Print Friendly, PDF & Email

The Struggle:

Last week we covered making Culinary Powders. In that article I mentioned dehydration and how it was a whole topic unto itself. So here we are a week later, ready to dive into dehydration. Yes, I also know that this is a simple topic to cover but there are still some really important things to understand before you just start dehydrating all your fruits, veggies, and meats. Can you dehydrate chicken to make chicken jerky? How about whole fruits, candies or even chocolates? What works 


“What can and can’t be dehydrated?” 


Not All That Eats well, Dries Well.

So, dehydrating is a really simple topic. Blowing air over a food to remove moisture and once the moisture is removed the food becomes either crispy or chewy. Honestly some of the best results are from leaner meats, fruits, and veggies. But the biggest issue comes with what doesn’t work. Just because something is placed in a dehydrator doesn’t mean it comes out as a thin crispy version of itself.


When it comes to dehydration, what tool should you use? Some people place things in an oven that is off, overnight. Sometimes the oven is even on its lowest setting. I think both of these are a recipe for inconsistency and/or disaster. The best way to dehydrate foods is in a dehydrator. High quality dehydrators have multiple racks, a timer, and most importantly a thermostat. This allows you to dial in your recipe so your beef jerky doesn’t come out hard as a rock. It’s always good to have the tools with the most options to create recipes that don’t fail.


Let’s start with the easiest of the bunch, fruits and veggies! All fruits and veggies should be peeled. The peels of most fruits and veggies will not dehydrate at the same rate as the pulp or flesh. This will result in a thick wrinkly skin and a crispy center. This makes the parts closest to the skin more susceptible to getting soggy as they will commonly hold on to moisture longer. While this does work it will need a lot of extra time to be sure it has completely dried. A good test is to break open a piece of dehydrated food to check near the skins. Poke the thicker part near the skin, if there is a soft interior they will need more time. Also, do not try to dehydrate any whole fruit, the skin will protect it and not allow enough moisture to be released. All in all the skins of fruits and veggies are quite amazing at protecting the flesh, but they should be removed before dehydrating more often than not. Especially if you are turning these into a powder the skin would be a poor choice. Some fruits have a high sugar content as well anything with an extremely high sugar content can tend to just become chewy. This works great for things like thick sliced pineapple. If you do want them to be crispy then they will need to be sliced very thin. Which leads me to other foods with a high sugar content, things like candies and marshmallows. While some of these can work they will need time. Also most candies containing corn syrup will not dry out well, the invert sugar holds onto the water. So do give these things a try if you want, but just know something just won’t work. Other items that work well in a dehydrator are meringues and other stable foams. These will dry out easily without the worry that they could brown from being overheated.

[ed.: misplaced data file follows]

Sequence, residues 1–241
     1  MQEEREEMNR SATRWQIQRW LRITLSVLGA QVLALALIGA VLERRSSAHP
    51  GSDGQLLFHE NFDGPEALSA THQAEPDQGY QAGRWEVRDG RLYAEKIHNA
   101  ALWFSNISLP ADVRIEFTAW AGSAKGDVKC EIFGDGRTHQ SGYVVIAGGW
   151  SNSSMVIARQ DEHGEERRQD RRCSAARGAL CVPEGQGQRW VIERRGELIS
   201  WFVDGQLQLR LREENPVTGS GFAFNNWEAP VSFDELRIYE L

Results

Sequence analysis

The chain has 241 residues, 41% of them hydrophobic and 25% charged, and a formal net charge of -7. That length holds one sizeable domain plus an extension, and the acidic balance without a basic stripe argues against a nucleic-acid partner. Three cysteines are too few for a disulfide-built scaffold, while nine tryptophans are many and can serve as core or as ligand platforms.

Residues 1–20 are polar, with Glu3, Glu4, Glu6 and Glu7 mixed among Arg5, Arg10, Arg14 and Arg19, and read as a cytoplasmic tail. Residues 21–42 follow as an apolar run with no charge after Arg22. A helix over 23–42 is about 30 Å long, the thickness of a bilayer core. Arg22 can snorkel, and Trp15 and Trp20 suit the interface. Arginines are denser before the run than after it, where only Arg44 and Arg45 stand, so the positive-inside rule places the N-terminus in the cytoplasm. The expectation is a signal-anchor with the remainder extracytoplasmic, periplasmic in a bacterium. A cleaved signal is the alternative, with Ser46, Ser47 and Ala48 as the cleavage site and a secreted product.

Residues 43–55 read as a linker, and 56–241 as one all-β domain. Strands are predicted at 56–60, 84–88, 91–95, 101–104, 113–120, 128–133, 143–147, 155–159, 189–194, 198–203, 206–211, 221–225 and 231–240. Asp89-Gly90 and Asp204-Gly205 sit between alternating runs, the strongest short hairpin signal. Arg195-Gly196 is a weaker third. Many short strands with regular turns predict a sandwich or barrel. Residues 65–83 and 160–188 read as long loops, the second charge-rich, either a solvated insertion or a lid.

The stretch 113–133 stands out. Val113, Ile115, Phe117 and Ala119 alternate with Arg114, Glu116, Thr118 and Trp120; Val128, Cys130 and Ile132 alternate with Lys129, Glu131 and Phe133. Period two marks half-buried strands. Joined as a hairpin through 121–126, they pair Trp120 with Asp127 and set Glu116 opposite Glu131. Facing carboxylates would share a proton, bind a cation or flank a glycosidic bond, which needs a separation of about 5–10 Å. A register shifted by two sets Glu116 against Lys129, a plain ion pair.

Meats are surprisingly easy to dehydrate. But you want to look out for meats with a high fat content especially if you are going to keep the jerky for a long time. Fats do not dehydrate, because fats are not moisture. So large portions of fat can go rancid. Small amounts of fat are okay but just be mindful that any piece of fat larger than the width of a pencil will need to be removed. Also the meats will need to be salted, salt is a preservative and helps draw out the moisture. Prague powder #1 is actually a great ingredient for helping keep the meat free from botulism ( a dangerous pathogen). Most dehydrators have a heated setting and we suggest setting the heat to 140F as an added measure to keep the jerky safe. Any heat lower than this and without using the prague powder #1 could be extremely dangerous. This brings me to chicken, chicken could also be made into jerky but it is not the safest endeavor. We tinkered with the idea of making a chicken jerky but by health standards chicken will need to be cooked to an internal temperature of 165 for 15 seconds. This fully cooked chicken doesnt make for a great jerky. Yes, there are other ways to pasteurize chicken, I am aware but is that really a conversation you want to have with your health inspector? I didn’t think so… 


Anything can be placed in a dehydrator, just know that the results may vary. Sometimes that’s the fun of getting a new kitchen gadget to play with. See what works and see what doesn’t. That’s where the real magic in cooking is made. Until next time, keep creating and remember if you need a guiding hand we will be here to help. 


Ready to get Cooking?

Give our teriyaki beef jerky recipe a try! 



  • Very nice post. I just stumbled upon your weblog and wished to say that I’ve
    truly enjoyed browsing your blog
    posts. In any case I’ll be subscribing to your feed and I hope you write again very soon!

  • Hello Modernist Pantry,
    I recently purchased your 14oz Malt Vinegar Power with the idea of making a healthier “chek Mix.
    I will be using 12.3 oz Multi Grain cereal, Baked crackers 7.5 oz, 1 1/2 lb cashews along with 1 stick of butter (all organic). How much would you suggest I use of your powder?
    PS your site has an amazing array of information!

    • Hey Jeff, since Malt Vinegar is a flavoring agent and not a functional ingredient this will be entirely to taste. Would recommend using a powdered sugar duster or something similar to get an even coating and see how much it takes to get your preferred flavor profile.

Comments are closed.